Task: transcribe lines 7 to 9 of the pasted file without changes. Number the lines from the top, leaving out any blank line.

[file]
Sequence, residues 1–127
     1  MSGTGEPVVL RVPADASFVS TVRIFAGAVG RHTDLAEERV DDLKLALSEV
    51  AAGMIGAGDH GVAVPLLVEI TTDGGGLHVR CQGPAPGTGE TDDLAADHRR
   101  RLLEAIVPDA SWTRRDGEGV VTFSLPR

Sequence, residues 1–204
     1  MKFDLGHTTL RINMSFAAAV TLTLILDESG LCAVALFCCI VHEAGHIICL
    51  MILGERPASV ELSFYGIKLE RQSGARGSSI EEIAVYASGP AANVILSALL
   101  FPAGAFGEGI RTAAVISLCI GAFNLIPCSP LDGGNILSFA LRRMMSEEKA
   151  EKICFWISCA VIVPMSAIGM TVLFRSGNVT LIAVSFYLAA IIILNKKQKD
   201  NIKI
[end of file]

    51  MILGERPASV ELSFYGIKLE RQSGARGSSI EEIAVYASGP AANVILSALL
   101  FPAGAFGEGI RTAAVISLCI GAFNLIPCSP LDGGNILSFA LRRMMSEEKA
   151  EKICFWISCA VIVPMSAIGM TVLFRSGNVT LIAVSFYLAA IIILNKKQKD